The first cart may include a sensor for, at least in part, identifying a distance of the first person from the first cart, determining a position of the first cart within the warehouse, and/or identifying an obstacle in a path of the first cart. The first cart may also include a product code reader.
In one embodiment, the warehouse automation system also includes a workstation for processing the products. The workstation may include a robotic arm and/or may be adapted to remove a product from the first cart. The workstation may be, for example, a sorting station, a packing station, a shipping station, a kitting station, a personalization station, or a gift wrapping station. The warehouse automation system may also include a display for displaying real-time performance metrics of the first and other persons, and/or a plurality of overhead cameras adapted to monitor the plurality of carts, the first person, and material handling equipment, as well as to determine a location of each cart.
In general, in another aspect, embodiments of the invention feature a method for automating and improving operating productivity of a warehouse. In accordance with one embodiment of the method, a first person is associated with a first one of a plurality of carts for transporting products within a warehouse and the first cart is controlled to lead the first person around the warehouse.
In various embodiments of this aspect of the invention, the first cart may be moved at a speed equal to a normal pace of the first person or at a speed faster than a normal pace of the first person. The method may also include associating the first person with a second one of the plurality of carts at the same time that the first person is associated with the first cart, and/or associating a second person different from the first person with the first cart at (optionally) the same time that the first person is associated with the first cart. A task may also be assigned to the first person based upon a computed and/or stored ability of the first person. In another embodiment, a receptacle on the first cart is illuminated to identify the receptacle within which a product is to be placed or from which a product is to be retrieved. Optionally, the receptacle on the first cart is illuminated differently depending upon a task assigned to the first person. In yet another embodiment, the method includes communicating, via an audio source, information concerning a status of a task assigned to the first person, a proximity of the first cart to a plurality of persons, and/or a status of the first cart. The method may also include displaying real-time performance metrics of the first and other persons.
These and other objects, along with advantages and features of the embodiments of the present invention herein disclosed, will become more apparent through reference to the following description, the accompanying drawings, and the claims. Furthermore, it is to be understood that the features of the various embodiments described herein are not mutually exclusive and can exist in various combinations and permutations.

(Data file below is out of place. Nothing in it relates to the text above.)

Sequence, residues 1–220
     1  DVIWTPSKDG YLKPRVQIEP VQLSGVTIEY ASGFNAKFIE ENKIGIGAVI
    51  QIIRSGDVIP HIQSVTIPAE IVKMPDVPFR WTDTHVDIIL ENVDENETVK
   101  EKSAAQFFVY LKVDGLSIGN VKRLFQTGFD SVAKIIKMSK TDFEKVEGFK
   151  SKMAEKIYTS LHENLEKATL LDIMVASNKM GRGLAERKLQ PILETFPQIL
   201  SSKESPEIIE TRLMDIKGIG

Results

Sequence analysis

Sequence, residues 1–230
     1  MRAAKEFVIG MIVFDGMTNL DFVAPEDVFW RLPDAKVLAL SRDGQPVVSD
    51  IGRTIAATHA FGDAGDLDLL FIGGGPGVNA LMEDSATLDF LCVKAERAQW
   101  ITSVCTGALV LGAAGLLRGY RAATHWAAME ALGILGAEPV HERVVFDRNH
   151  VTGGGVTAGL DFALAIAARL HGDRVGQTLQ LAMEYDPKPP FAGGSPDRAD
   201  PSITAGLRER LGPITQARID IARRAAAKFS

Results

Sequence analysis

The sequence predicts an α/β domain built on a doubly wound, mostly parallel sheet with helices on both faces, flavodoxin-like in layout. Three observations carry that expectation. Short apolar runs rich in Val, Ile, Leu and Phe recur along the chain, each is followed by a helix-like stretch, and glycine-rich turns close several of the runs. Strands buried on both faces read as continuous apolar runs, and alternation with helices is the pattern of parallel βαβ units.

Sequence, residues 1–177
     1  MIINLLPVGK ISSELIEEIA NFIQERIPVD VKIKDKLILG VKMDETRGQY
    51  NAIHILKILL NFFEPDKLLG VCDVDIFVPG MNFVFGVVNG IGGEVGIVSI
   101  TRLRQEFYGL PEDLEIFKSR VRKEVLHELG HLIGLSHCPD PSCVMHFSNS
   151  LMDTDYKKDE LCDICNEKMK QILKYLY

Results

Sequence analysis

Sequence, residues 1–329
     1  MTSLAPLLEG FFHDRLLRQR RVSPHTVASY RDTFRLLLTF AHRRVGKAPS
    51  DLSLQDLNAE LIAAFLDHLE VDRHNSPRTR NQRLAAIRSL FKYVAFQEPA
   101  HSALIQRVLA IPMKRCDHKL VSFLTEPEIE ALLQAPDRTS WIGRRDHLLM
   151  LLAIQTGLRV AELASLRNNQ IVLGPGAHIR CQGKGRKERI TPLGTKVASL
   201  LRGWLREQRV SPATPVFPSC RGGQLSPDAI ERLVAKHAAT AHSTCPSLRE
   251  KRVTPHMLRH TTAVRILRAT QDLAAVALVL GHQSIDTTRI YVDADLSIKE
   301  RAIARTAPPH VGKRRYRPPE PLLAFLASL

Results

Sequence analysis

BRIEF DESCRIPTION OF THE DRAWINGS
In the drawings, like reference characters generally refer to the same parts throughout the different views. Also, the drawings are not necessarily to scale, emphasis instead generally being placed upon illustrating the principles of the invention. In the following description, various embodiments of the present invention are described with reference to the following drawings, in which:
FIG. 1 is a block diagram depicting a high-level system architecture for a warehouse automation system in accordance with one embodiment of the invention;
FIG. 2A schematically illustrates an enhanced cart in accordance with one embodiment of the invention;
FIG. 2B schematically illustrates an enhanced cart in accordance with another embodiment of the invention;
FIG. 3 is an exemplary graphical user interface in accordance with one embodiment of the invention;
FIG. 4 schematically illustrates two enhanced carts in accordance with yet another embodiment of the invention and, in particular, depicts exemplary sensors on the enhanced carts;
FIG. 5 is a block diagram illustrating product flow within a warehouse in accordance with one embodiment of the invention;
FIG. 6 schematically illustrates a post pick sortation station in accordance with one embodiment of the invention;
FIG. 7 is a block diagram of a warehouse in accordance with one embodiment of the invention; and
FIG. 8 is a table summarizing exemplary advantages of a warehouse system that employs an enhanced cart in accordance with one embodiment of the invention.
In broad overview, embodiments of the present invention feature a warehouse automation system adapted to improve warehouse operating productivity. The system includes a plurality of enhanced carts for transporting products within the warehouse and a controller. Use of the enhanced carts improves upon current warehouse systems, as the enhanced carts have several features that improve user or associate productivity. These features can, for example, be customized to each associate and/or give rise to gamification. Further, the enhanced carts may include features to ease the process of adopting this new technology in practice. In various embodiments, these improvements over traditional carts decrease the time the associate spends, for example, restocking, picking, counting, sorting, moving, and packing product into customer orders and shipments.